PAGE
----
The problems with the City to Lake project ("Cloud on City to Lake pool plans", November 7, p1) appear to stem from sheer, utter incompetence on behalf of the ACT government's Planning Directorate. This project, which has already had a string of changes and downgradings to the stadium, convention centre, the Olympic Pool, the lowering of Parkes Way, and now the axing of the "recreational pool" is finally to be reviewed.
It was clearly yet another of the ACT government's ill-conceived "thought bubbles".
Malcolm Snow, the City Renewal Authority's chief executive, states that "it would be inappropriate to pursue the current master plan", and the ACT government had asked the authority to "come forward with some clear revitalisation strategies". He has also advised that his board had "expressed the desire to re-examine some of the basic assumptions behind the West Basin" and whether the government could actually receive the expected financial returns.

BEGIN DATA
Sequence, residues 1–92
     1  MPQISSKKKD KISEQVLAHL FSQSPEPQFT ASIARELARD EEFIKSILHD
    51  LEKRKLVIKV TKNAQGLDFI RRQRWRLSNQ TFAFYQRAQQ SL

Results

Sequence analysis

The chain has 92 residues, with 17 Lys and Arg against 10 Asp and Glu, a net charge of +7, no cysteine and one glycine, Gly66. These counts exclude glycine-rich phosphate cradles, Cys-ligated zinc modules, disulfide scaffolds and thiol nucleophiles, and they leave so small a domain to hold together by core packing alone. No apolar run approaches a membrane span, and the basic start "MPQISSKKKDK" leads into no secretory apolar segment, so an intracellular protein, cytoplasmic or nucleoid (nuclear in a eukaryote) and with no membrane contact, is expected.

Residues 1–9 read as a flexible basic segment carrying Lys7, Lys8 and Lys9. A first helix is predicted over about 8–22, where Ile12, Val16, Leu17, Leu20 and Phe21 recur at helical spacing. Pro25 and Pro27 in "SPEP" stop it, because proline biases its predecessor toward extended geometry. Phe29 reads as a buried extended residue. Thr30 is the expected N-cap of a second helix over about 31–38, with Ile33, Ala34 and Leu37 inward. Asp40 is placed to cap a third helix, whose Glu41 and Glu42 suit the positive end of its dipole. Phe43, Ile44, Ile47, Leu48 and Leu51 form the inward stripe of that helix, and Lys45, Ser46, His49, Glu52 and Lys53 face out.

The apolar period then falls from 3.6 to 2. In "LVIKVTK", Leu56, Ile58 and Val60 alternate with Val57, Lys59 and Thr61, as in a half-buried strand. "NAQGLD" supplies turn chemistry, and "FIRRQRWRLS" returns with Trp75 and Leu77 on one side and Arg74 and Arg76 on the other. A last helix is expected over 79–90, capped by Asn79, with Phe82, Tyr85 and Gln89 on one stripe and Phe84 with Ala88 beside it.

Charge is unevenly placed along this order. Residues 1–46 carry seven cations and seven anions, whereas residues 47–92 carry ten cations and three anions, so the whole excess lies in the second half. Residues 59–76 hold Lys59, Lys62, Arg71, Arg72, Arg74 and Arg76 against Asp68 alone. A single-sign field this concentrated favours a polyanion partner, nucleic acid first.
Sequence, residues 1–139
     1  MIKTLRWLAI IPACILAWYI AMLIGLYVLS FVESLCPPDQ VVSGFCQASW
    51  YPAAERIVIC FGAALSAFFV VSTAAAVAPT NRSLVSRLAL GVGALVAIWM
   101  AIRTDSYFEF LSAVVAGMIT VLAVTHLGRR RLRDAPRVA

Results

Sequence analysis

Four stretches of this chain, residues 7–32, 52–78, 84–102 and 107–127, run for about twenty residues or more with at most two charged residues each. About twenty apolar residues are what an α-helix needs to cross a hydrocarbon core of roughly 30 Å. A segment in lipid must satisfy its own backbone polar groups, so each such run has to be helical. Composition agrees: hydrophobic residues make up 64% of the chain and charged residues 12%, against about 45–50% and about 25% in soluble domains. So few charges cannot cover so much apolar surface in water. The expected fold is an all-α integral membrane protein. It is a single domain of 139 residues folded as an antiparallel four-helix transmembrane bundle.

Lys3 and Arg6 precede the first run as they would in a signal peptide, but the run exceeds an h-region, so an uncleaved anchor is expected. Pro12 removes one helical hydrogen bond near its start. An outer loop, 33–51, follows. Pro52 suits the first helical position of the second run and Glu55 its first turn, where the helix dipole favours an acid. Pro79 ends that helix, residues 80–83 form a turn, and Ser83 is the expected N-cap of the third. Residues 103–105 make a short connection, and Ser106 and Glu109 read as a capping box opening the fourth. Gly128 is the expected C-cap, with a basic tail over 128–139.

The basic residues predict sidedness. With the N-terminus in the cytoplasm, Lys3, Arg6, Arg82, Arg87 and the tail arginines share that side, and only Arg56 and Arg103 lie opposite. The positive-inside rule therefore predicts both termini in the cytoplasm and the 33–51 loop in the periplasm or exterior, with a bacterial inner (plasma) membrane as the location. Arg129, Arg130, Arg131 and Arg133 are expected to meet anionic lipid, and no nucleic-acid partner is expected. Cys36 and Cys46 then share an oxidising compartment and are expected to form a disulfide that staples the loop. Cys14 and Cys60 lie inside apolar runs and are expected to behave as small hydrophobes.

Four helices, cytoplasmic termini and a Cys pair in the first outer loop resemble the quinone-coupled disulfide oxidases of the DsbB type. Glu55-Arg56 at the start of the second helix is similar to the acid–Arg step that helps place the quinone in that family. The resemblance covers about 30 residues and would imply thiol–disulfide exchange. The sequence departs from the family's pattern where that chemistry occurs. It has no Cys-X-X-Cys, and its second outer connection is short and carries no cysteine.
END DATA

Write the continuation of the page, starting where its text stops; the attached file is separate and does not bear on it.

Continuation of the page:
The ACT government must be congratulated on this move and take the opportunity to entirely scrap the West Basin extension into Lake Burley Griffin, rid the area of housing, and convert the entire area into an accessible city park that our citizens can enjoy; hopefully with a pool. This would indeed revitalise the area.
Murray Upton, Belconnen
I might share Professor Clive Hamilton's concerns regarding free speech if he didn't appear so ready to abuse the privilege ("Free speech fears after book critical of China is pulled from publication", November 13, p6).
According to The Canberra Times, Dr Hamilton's publisher, Allen & Unwin, declined to publish his latest book due to "fear of legal action from the Chinese government or its proxies". Stretching credulity, Dr Hamilton would have the world believe that Allen & Unwin's commercial decision is tantamount to a foreign power stopping publication of his work.